Down the hill is a tube well, sunk by Baptists to provide fresh water from a deep spring. It not only protects the villagers from the disease-carrying river water they used to drink, but irrigates adjacent rice land, benefiting Tripura and Bengali alike.
Old Kumar proudly leads a tour of the village. “My eyesight is nearly gone and my teeth are too,” he sighs. He proves the latter with a toothless grin, but his eyes still gleam. Though his sons do most of the work these days, Kumar still stretches out his wiry, 95-year-old limbs in the fields once or twice a week. And he has sworn off liquor.
Their physical and social circumstances have drastically improved since they invited Baptists to the village. But these are no “rice Christians.” In R T’s words, they’re learning “a new way to think.”
“We are learning that without God and His help, we can do nothing,” Kumar explains. “We used to offer sacrifices that did no good. When we heard it was only through Jesus that we could get forgiveness, we embraced Christ. When I made the decision, everyone else made the decision with me.”
What of the chickens they used to sacrifice to various gods? Kumar chuckles. “We just eat those chickens now.”
A people movement
Kumar symbolizes a movement in the hill tracts of Bangladesh. “He can read very little, but he was responsible for leading that group of people to Christ, kind of like Cornelius,” R T observes. “This is the beautiful thing about it: We’re getting so many requests to come in and share the gospel, but it’s not coming from our (Bengali Baptist) evangelists. It’s people whose relatives have become Christians. They seek our guys out to say, ‘Look, somebody come and tell us what’s going on in the lives of our relatives.’ It’s difficult to keep up with all the opportunities.”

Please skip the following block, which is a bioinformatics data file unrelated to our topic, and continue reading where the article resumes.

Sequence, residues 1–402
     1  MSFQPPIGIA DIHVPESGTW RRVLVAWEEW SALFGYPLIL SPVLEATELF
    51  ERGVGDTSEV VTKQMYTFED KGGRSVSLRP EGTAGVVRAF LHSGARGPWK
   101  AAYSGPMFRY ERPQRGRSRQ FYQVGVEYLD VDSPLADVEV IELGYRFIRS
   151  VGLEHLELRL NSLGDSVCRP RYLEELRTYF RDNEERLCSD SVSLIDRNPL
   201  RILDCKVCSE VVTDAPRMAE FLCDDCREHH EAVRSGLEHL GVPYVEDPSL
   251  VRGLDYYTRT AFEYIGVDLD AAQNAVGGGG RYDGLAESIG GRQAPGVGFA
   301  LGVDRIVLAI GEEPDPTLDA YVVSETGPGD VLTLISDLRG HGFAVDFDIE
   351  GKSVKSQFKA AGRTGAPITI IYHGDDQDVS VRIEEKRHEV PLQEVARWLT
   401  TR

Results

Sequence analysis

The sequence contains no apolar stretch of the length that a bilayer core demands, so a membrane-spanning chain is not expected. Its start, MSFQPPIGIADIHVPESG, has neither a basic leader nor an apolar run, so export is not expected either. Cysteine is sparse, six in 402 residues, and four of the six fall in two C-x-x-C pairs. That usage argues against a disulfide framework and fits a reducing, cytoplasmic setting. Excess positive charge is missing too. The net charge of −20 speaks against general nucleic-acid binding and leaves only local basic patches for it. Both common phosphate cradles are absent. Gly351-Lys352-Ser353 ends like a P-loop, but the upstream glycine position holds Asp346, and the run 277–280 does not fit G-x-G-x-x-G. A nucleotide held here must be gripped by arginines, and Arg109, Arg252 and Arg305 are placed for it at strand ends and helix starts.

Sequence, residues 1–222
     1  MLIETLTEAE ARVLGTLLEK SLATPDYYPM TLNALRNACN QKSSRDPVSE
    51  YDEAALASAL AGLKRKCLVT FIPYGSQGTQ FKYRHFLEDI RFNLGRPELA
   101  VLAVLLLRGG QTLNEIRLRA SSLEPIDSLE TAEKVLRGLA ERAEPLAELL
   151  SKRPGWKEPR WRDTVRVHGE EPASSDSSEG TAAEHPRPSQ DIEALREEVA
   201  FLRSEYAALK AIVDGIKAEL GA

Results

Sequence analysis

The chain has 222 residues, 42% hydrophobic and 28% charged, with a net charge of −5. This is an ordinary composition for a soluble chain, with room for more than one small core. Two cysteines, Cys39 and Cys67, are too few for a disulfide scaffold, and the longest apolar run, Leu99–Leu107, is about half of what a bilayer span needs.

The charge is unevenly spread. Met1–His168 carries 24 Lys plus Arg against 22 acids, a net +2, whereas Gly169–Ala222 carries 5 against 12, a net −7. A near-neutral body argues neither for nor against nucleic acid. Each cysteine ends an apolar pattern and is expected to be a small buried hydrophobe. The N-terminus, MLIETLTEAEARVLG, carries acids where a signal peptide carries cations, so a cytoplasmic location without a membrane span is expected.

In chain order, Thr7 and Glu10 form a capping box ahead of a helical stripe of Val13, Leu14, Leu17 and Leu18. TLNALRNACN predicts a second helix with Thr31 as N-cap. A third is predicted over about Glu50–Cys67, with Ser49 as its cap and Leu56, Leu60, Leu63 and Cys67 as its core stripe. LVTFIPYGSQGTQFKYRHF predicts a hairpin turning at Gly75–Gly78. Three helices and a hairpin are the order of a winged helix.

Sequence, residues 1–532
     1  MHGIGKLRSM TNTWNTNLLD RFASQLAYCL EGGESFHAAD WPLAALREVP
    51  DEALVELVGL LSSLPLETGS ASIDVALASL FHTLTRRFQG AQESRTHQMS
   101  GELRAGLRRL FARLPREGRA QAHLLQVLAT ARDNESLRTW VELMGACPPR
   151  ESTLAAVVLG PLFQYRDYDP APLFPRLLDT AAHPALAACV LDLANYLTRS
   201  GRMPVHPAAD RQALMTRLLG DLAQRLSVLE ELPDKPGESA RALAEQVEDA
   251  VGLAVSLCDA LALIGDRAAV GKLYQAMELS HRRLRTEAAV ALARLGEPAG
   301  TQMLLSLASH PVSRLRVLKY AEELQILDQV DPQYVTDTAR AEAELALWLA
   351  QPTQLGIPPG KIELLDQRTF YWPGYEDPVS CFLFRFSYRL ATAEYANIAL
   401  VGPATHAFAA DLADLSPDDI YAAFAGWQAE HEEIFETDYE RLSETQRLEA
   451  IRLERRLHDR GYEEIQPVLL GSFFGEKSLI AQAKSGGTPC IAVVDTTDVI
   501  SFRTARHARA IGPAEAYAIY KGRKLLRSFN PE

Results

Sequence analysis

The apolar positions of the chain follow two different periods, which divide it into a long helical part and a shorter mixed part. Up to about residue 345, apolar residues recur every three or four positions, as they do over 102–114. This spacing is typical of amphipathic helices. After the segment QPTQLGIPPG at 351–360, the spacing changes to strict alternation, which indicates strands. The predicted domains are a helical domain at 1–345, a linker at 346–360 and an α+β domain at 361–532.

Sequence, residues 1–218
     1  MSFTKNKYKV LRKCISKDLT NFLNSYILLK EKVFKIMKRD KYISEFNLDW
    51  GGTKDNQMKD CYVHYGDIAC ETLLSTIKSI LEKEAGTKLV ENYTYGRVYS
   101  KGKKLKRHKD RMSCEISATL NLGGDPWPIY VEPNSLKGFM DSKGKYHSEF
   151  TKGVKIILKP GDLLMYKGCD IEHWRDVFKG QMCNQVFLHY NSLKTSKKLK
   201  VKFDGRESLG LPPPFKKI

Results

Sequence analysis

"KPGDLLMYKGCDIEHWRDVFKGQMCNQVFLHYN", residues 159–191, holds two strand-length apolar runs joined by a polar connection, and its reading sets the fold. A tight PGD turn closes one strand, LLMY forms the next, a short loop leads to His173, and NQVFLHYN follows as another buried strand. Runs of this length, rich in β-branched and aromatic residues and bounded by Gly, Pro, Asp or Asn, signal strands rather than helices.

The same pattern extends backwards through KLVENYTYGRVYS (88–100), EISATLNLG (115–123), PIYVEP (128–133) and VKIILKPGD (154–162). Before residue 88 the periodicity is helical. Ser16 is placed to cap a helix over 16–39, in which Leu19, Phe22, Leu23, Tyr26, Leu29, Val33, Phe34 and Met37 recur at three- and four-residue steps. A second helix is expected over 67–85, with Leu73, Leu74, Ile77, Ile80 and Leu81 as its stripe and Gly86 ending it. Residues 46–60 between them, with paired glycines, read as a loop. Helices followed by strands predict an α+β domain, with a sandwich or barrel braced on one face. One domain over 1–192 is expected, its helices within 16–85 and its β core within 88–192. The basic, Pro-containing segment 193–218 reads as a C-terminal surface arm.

R T and other missionaries have long labored with Bangladesh Baptists to meet the physical and spiritual needs of the majority Bengali people. In recent years, however, they’ve spent more and more time working with tribal minority peoples. Like the Tripura, with more than 100,000 members. The Chakma (CHOK-muh), with a quarter of a million (and 300,000 more in India). The Lushai, the Marma and the Kooch.
They total 3 million or more people in Bangladesh. But their extended ethnic families flow across political borders—into India and Myanmar. As the gospel spreads among them, it crosses borders too. It also moves farther into the hills of Bangladesh—permeating areas long off-limits to missionaries and other foreigners because of political unrest and rebel activity.
“We haven’t been anywhere the Lord hasn’t gone ahead of us,” R T says. “We can rush into these areas for Jesus, and when you get there you find He is already there. Somebody in there was already receptive to the Holy Spirit. We’re just doing follow-up work.”
That first congregation begun after the little girl was healed has multiplied to more than 150 mostly tribal churches in the hill region. Last year leaders of another tribe, the Bongshi (BONG-shy), approached Baptists to declare, “We want to follow Jesus.” They represent about 50,000 people.
“We’re sitting on a keg of dynamite,” says R T, who’s savoring a spiritual harvest after more than 30 years of hard labor in Bangladesh. “When you walk up a path you’ve never walked before and you hear voices already singing, ‘We praise You, we praise You,’ you know something is going on!”
He cocks his cap, leans forward and adds, “If you aren’t careful, you could get excited.”
Originally published as “Something’s happening” by Erich Bridges in The Commission, September 1998, p. 36-40.